How memory is related to storytelling and imagination, not intelligence.
| Are We Hardwired to be Storytellers?
October 15, 2019
Written by JESSICA KENLEY
I watched an interesting documentary recently on Netflix called, "The Mind Explained," and there were amazing cases of people who could read a story over thirty pages long and remember the text verbatim, and others who could do the same with hundreds of randomly chosen numbers. When a World Champion in memory competitions explained how she remembered and could recite these things so precisely, she said that she assigned each number a letter value, and made up an interesting story that correlated with the number sequences. The actual story was ridiculous and gross and fantastical, but it helped her remember those hundreds of numbers, which was incredible to me.
I saw a Ted talk called, "Feats of Memory That Anyone Can Do," that was similar a few years ago, where a science journalist, Joshua Foer, conducted a year-long study on how the brain works and memory. As a nice ending to this body of work, he decided to enter into a memory contest in New York City, and actually ended up winning it! The World Champion was memorizing up to 38 decks of shuffled cards in ridiculously small amounts of time. Mr. Foer found that these great memorizers weren't actually smarter than the average person either, and they weren't savants. They were people who had trained their brains using tricks that Roman poets like Cicero used to use over 2,000 years ago. Obviously, this was before discussions about the hippocampus and the temporal lobe. This same technique had also allowed Mr. Foer to memorize his Ted speech, in fact. He made up a story in his head that included a scantily clad Britney Spears, Cookie Monster riding a horse, and a naked bicycle riding contest that all correlated to the topics he wanted to speak about. It turns out that the more bizarre the story is that reminds you of what you are needing to remember, the more likely your brain is to retain it.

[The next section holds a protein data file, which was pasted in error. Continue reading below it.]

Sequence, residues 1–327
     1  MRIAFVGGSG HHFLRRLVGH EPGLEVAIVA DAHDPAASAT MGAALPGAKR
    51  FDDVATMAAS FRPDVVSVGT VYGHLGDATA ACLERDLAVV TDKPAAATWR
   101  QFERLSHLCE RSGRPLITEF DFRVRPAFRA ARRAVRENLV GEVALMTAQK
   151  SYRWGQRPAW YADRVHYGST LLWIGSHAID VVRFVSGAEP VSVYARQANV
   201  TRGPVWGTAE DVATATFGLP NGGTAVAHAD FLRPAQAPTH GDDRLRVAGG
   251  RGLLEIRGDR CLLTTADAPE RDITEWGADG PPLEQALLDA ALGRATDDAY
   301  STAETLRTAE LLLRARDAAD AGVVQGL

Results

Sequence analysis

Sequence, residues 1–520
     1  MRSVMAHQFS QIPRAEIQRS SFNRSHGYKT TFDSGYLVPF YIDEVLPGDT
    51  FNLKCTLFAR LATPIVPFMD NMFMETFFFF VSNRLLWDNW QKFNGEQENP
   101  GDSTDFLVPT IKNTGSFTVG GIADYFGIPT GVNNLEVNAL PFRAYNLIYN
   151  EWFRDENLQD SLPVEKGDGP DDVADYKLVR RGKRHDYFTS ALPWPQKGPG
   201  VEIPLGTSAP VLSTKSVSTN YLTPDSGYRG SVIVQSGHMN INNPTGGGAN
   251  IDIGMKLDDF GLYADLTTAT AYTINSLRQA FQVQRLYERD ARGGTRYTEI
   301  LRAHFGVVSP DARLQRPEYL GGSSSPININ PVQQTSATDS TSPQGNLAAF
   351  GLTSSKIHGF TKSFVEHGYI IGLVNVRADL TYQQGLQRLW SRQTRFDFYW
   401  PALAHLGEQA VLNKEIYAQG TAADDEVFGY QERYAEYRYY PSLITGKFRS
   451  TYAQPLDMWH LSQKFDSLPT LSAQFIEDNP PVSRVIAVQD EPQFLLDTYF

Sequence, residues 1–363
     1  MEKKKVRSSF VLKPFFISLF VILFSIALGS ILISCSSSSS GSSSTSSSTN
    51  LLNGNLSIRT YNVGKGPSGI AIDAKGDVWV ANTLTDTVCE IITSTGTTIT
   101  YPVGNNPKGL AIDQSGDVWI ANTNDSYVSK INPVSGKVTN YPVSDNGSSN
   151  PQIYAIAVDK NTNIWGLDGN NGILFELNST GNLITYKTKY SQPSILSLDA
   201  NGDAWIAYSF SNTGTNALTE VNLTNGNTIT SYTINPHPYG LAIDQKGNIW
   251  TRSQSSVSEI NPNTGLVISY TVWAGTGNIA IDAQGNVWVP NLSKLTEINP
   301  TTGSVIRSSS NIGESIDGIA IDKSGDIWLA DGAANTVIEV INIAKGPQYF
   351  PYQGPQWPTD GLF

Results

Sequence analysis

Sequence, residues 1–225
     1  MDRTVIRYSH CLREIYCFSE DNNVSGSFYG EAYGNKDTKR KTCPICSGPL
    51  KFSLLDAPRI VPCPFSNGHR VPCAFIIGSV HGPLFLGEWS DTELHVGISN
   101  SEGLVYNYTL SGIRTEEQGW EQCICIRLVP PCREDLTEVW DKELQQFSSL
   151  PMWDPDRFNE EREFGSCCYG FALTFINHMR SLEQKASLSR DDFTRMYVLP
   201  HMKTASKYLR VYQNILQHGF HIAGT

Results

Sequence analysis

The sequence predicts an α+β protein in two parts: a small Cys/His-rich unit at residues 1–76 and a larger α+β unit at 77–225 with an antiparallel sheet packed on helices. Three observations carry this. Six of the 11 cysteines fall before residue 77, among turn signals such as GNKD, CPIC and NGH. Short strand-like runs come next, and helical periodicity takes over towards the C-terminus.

In the Netflix documentary, they also noted that researchers have been able to fool people with a 70% success rate at convincing study participants that they had rich false memories of committing crimes they had never actually committed. This made me think of the hundreds of convicted rapists and murderers that were exonerated with DNA evidence...how faulty are our memories? Psychology Today says that, "According to a recent article in The New York Times, "False confessions have figured in 24 percent of the approximately 289 convictions reversed by DNA evidence." Is this our faulty memories to blame or the tendency of the police force to badger confessions out of people? Food for thought anyway, however, the article does say that our memories are at the very least, "flexible."
Joshua Foer ended his speech with a comment about how we are outsourcing our memory abilities to our smartphones, Blackberries, and tablets; and said something to the effect that if our lives are made up of memories, we should at least put in the effort to remember them.